Velvet Merkin (Oatmeal Stout, 8.5% ABV, 2013 vintage) Since I’m a guest here on Imbibliography, you should know two things about me. First, I like my barrel-aged stouts to fall slightly short of alcoholic pancake syrup (think Bell’s Black Note and Goose Island’s Bourbon County Brand Stout). I like ’em rich, sticky, sweet, and hot enough to produce a fireball when sneezing across a lit candle. Second, I’m a sucker for a name. It should follow, then, that I was pretty stoked to try Velvet Merkin, a barrel-aged oatmeal stout named after a pubic wig. Parabola caused me to black out from ecstasy upon my first sip: I could barely wait to fill my mouth with Merkin with my beer-geek husband, Brady. The bad news: for a barrel-aged stout, an ABV of 8.5% just seems . . . uneventful. Parabola is 14%. By comparison, I feared 8.5% might be as exciting as idling a Ferrari through a school zone.
Undaunted, Brady and I poured glasses and stuck our big noses in to sniff. He called out notes of licorice and caramel. I sophisticatedly remarked that it smelled like candy. The espresso color of Velvet Merkin makes it look like it should feel like tar on the tongue, but the mouth-feel is surprisingly light. Brady mused that Velvet Merkin was roasty, woodsy, and slightly smoky, and while I can’t really put my finger on the flavors like he can, I can tell you what’s missing. It needs more bourbon. I’m sure there are many reasons to age a beer in a bourbon barrel—reasons probably too nuanced for me to understand—but the primary one, in my opinion, should be to make the beer taste like a bourbon barrel. For the record, we did taste the Proprietor’s Series alongside the base, Velvet Merlin, and the former’s barrel is more pronounced when you compare the two. Still, this isn’t a beer that knocks you out with a booze-sodden 2x4.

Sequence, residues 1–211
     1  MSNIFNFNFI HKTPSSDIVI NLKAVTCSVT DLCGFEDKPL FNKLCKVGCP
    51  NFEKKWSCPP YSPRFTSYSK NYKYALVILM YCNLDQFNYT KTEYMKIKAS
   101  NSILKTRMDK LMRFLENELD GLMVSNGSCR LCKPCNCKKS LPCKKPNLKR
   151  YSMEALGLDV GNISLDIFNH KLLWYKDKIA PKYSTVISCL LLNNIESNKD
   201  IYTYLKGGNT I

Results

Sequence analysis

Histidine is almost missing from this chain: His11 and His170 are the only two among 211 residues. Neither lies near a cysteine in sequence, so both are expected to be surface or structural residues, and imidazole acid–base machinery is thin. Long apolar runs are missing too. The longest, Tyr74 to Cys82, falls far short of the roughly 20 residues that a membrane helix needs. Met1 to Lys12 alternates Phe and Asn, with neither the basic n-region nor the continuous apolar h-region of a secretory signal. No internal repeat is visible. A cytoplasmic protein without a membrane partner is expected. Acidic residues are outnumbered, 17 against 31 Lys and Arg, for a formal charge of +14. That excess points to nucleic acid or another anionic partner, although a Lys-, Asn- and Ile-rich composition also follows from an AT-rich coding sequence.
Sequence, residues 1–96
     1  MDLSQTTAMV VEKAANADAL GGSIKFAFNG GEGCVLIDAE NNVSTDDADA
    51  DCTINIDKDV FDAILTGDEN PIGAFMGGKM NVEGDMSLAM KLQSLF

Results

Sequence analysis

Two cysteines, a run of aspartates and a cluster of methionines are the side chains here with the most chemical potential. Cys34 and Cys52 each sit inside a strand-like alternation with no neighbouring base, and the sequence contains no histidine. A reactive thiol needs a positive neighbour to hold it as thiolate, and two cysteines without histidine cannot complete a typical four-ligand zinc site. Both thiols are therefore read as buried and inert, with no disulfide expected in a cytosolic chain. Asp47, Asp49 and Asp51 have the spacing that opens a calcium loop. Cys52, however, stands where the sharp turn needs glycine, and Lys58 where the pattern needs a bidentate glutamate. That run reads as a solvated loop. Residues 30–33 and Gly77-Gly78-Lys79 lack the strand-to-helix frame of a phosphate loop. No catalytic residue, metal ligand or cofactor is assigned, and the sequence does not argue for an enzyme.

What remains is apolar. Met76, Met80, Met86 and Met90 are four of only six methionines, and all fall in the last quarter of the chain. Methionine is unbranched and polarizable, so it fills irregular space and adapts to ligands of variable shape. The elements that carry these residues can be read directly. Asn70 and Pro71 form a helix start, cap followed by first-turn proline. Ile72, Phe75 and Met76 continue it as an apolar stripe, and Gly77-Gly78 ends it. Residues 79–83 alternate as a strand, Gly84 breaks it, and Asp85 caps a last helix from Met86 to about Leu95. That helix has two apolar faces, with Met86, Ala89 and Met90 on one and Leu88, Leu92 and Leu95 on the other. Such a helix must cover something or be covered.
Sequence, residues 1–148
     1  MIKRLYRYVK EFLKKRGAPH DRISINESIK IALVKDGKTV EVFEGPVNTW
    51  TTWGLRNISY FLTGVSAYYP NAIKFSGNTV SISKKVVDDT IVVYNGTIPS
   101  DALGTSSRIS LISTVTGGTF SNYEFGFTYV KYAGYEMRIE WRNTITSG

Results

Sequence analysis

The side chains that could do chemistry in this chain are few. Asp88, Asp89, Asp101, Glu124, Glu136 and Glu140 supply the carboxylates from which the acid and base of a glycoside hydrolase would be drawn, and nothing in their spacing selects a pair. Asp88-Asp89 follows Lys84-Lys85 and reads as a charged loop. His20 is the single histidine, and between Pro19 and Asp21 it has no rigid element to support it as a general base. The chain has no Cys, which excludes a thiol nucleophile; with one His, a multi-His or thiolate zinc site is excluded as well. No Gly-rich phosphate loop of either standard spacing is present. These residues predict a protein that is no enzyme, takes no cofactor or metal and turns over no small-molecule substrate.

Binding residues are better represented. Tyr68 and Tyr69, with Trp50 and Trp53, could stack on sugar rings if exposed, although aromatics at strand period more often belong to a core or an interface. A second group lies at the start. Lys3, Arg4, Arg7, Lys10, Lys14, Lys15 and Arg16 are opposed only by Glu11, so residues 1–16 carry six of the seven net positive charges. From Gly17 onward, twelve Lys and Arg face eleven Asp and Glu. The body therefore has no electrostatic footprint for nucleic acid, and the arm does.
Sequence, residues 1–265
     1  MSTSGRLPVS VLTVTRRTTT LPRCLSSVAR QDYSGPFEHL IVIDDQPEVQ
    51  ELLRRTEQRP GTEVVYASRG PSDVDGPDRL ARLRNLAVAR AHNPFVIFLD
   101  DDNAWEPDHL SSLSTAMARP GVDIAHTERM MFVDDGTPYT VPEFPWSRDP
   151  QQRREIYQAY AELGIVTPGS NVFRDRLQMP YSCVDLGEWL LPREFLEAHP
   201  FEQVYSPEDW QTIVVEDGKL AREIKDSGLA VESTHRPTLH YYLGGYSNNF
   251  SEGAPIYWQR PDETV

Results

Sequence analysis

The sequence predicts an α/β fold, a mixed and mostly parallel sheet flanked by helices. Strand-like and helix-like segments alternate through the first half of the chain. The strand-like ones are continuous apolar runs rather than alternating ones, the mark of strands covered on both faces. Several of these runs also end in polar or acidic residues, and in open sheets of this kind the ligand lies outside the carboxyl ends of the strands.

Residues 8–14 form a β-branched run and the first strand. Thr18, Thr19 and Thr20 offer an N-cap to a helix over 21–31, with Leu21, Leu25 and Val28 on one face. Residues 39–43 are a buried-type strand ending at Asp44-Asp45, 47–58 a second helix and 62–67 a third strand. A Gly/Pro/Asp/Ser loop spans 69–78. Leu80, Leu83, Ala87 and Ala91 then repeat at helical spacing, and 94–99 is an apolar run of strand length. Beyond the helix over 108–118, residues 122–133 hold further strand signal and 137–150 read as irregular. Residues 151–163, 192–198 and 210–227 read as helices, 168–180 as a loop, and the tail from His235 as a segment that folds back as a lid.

Which is fine! Velvet Merkin is still an incredibly tasty beer, but my problem (in retrospect) is that I got too excited about the name. You draw a parallel between your beer and a pubic wig, and people are going to expect something plush and naughty and hot and fun. But Velvet Merkin isn’t really any of these things. In fact, it’s more sophisticated than its vulgar namesake: well balanced in terms of bitterness and sweetness, neither gimmicky nor cloying, but smooth and restrained. It tastes more velvet than merkin. (A.E.)